coal ash

Western Organization of Resource Councils

A new rule from the U.S. Environmental Protection Agency will allow power plants to discard coal ash in unlined ponds through April of next year. In some cases, that deadline can be pushed back as far as 2028.

Montana Department of Environmental Quality

The Environmental Protection Agency is proposing to roll back Obama-era rules governing how coal-fired power plants store and release toxic waste.

Irina Zhorov of Wyoming Public Radio

Three PacifiCorp coal-fired power plants in Wyoming reported contamination of groundwater earlier this year above state or federal limits. That includes the Dave Johnston, Jim Bridger and Naughton plants. PacifiCorp reported detecting selenium, arsenic, lithium and many more polluting elements. A recent report from Earthjustice, a non-profit environmental law firm, drew attention to the information. It highlighted 67 plants across 22 states with the same problem.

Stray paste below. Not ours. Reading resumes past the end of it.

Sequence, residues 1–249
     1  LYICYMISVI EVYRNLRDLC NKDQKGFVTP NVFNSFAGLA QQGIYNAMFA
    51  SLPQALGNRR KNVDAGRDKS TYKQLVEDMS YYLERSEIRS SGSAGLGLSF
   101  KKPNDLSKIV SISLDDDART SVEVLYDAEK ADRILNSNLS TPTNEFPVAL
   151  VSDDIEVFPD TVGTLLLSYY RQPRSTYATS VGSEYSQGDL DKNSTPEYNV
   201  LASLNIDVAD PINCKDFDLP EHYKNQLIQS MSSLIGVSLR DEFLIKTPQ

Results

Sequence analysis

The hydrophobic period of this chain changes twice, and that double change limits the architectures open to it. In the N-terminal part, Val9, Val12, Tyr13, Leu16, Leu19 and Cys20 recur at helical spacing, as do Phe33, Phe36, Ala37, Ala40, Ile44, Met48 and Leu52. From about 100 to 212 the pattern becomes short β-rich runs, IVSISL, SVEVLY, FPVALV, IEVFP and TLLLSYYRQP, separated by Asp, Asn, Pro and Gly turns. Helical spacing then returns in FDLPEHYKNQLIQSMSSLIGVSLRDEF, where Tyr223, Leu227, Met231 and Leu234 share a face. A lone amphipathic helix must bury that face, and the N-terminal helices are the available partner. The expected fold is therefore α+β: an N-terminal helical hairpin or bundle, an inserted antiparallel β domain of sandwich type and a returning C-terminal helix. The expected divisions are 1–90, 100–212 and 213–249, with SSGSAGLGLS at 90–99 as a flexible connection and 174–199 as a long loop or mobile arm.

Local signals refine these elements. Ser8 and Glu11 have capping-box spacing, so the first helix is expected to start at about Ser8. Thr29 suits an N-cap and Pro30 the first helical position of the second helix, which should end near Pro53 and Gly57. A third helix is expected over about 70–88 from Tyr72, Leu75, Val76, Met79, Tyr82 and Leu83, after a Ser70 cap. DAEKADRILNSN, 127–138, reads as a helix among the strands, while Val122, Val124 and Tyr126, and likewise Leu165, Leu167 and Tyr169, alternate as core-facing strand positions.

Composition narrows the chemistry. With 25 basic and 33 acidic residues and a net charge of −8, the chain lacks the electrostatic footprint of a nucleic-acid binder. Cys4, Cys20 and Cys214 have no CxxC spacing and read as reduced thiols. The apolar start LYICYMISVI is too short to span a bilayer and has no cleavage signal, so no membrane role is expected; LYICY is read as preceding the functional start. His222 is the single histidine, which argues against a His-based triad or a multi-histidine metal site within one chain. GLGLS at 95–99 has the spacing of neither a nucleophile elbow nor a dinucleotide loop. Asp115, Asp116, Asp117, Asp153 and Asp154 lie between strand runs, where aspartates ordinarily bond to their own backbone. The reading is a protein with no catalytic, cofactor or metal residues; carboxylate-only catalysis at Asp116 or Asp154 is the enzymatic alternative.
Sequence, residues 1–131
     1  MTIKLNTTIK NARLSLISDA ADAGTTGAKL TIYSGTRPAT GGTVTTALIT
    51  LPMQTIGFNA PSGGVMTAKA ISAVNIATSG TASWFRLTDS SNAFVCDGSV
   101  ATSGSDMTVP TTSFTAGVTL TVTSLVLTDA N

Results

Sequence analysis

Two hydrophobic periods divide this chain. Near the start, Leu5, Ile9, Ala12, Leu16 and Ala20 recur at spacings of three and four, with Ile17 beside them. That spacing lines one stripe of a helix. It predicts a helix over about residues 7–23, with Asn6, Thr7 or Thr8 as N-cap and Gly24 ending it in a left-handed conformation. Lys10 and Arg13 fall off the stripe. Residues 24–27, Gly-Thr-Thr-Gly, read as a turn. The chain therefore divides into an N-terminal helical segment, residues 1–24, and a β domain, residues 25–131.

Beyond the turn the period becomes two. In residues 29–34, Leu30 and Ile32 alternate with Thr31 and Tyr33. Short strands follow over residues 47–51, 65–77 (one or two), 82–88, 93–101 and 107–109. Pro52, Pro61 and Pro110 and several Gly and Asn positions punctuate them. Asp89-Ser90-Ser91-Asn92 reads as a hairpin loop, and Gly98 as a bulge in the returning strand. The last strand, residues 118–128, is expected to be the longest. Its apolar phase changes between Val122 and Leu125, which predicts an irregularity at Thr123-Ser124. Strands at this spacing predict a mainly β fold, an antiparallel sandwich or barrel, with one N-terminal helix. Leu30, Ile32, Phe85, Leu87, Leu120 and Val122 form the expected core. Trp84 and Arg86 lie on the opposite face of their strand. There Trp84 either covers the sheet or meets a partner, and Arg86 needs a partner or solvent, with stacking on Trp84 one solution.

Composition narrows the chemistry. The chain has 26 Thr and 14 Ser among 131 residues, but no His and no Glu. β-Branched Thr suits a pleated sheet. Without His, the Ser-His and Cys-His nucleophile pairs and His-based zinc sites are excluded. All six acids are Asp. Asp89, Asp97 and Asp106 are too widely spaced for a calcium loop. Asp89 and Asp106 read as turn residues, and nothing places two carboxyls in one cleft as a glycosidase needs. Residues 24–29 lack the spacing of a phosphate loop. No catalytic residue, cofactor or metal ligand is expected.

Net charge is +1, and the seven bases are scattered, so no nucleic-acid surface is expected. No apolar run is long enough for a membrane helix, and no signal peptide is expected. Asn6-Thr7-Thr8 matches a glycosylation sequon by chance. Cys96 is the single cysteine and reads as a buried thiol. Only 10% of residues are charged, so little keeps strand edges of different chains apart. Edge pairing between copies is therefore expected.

Adjacent Property Owners Map, Laramie River Station -- map in emergency plan
Laramie River Station / Basin Electric Power Cooperative

The Sierra Club, a national conservation group, has threatened the Laramie River Station, LRS, a cooperative, coal-fired power plant near Wheatland, with a lawsuit over its failure to follow certain federal guidelines.

Greg Goebel / Wikimedia Commons

 

 

    

On Friday, the Environmental Protection Agency released the first national guidelines to regulate the disposal of coal ash. This dust-like substance is what is leftover when power plans burn coal for electricity and can contain toxins like arsenic, lead, and mercury.  Coal ash is usually collected and then buried in a disposal pond or landfill. In some cases, it can be recycled.